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You Never Forget Review of Daniel Handler’s “Why We Broke Up”

By Crossstitchyourheart @TMNienaber

You Never Forget  Review of Daniel Handler’s “Why We Broke Up”Min and Ed were not the highschool couple anyone expected.  Min is (forgive me as I use the word) “artsy” or at least an ignorant jock’s idea of what artsy is, and Ed is of lack of a better term, an ignorant jock.  But their love flames hot and heavy and Min can safely say she’s found her first love.  Of course none of that matters because Min and Ed broke up.  And you know it from page one.

The book is narrated by Min.  She is writing a letter to go with a box of stuff.  Stuff, she says, will explain to Ed why she broke up.  In the ultimate act of closure Min is packing up her relationship,

You Never Forget  Review of Daniel Handler’s “Why We Broke Up”
writing a letter (and tossing away the pen), and dumping it all on Ed’s door step before turning her back on him forever.  The story is also accompanied by artwork, giving you the perfect image to go along with the story and adding another unique layer to Handler’s young adult masterpiece.

You Never Forget  Review of Daniel Handler’s “Why We Broke Up”
I was wary about opening this book up at first.  To be honest, it sounded a little gimickey. A picture book for teens.  I found my adolescent self buried deep inside rolling her eyes and going “how quaint”.  And then by the end of the book I was crying harder than I did at the end of John Green’s “The Fault in Our Stars”.  We’ve all had those moments whether still in high school, barely finished, or graduated years ago.  You don’t go through high school without having your heart broken.  Sometimes it’s by a best friend who wanted to grow up without you, sometimes by a love that was never returned, and sometimes (like Min) by the ending of our relationship with that notorious first love.  Somehow Handler has managed to create a book that can appeal to anyone.  Throughout the whole book I kept thinking how I wished I’d been able to create a break-up box, even if just for my own piece of mind.  To pack up those memories, tell whoever broke our hearts what an asshole they were and why, and then to push them out of our lives.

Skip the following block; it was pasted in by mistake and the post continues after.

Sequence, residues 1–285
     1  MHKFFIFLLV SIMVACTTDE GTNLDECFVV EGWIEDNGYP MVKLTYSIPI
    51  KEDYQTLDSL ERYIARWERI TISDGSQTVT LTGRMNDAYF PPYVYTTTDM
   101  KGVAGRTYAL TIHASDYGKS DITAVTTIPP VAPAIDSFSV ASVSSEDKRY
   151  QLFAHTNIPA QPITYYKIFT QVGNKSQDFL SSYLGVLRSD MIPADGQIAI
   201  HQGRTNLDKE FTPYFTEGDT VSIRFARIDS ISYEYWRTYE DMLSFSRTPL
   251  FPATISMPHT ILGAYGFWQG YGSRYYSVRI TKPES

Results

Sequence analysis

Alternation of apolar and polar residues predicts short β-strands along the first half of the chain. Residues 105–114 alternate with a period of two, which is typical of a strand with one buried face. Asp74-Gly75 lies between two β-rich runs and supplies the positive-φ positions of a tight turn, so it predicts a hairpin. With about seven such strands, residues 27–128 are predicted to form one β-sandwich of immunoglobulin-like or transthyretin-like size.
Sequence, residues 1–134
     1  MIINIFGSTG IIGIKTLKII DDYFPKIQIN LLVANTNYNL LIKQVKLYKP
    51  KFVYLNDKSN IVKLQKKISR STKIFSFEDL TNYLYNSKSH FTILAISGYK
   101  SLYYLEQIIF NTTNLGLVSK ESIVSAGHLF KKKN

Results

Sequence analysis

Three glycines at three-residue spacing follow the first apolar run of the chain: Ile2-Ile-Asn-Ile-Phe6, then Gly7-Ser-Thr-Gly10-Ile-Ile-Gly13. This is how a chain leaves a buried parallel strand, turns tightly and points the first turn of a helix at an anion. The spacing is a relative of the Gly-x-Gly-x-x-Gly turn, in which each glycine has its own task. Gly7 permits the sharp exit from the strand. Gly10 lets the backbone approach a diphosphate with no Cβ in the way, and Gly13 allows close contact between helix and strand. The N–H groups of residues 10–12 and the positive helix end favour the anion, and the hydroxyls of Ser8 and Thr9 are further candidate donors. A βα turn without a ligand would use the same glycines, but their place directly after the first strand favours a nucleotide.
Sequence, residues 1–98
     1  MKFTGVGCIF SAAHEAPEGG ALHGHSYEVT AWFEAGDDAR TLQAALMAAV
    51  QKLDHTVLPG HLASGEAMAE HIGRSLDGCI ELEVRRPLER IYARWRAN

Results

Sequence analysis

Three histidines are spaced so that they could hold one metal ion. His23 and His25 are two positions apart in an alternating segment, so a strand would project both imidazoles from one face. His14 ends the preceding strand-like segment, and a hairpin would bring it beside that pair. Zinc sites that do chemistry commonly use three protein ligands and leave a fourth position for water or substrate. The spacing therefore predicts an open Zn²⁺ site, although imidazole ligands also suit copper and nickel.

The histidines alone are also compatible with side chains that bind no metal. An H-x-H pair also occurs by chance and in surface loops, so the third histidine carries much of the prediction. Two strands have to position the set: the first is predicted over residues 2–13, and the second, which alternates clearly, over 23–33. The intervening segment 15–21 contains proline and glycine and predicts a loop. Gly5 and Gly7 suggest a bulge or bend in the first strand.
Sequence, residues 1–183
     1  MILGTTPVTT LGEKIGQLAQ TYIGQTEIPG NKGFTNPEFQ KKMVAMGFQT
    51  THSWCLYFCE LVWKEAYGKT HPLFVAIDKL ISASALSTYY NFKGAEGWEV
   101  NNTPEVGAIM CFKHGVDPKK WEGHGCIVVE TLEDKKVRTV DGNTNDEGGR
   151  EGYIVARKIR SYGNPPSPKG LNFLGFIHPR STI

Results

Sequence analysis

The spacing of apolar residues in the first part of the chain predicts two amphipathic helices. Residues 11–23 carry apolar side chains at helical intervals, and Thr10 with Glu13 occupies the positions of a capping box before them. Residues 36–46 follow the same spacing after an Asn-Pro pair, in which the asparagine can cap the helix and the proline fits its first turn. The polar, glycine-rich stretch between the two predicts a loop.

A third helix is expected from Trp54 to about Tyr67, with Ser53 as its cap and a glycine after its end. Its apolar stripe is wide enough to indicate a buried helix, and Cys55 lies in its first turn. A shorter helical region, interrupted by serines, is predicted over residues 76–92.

The writing is brilliant, Handler captures emotions beautifully and the accompanying artwork helps to enhance the story in a way I didn’t imagine it could.  I fully intend to go out and pick up more of Handler’s books (who, if you didn’t already know is also the infamous Limoney Snickett) and would highly recommend them to any teens (and adults) in my life.

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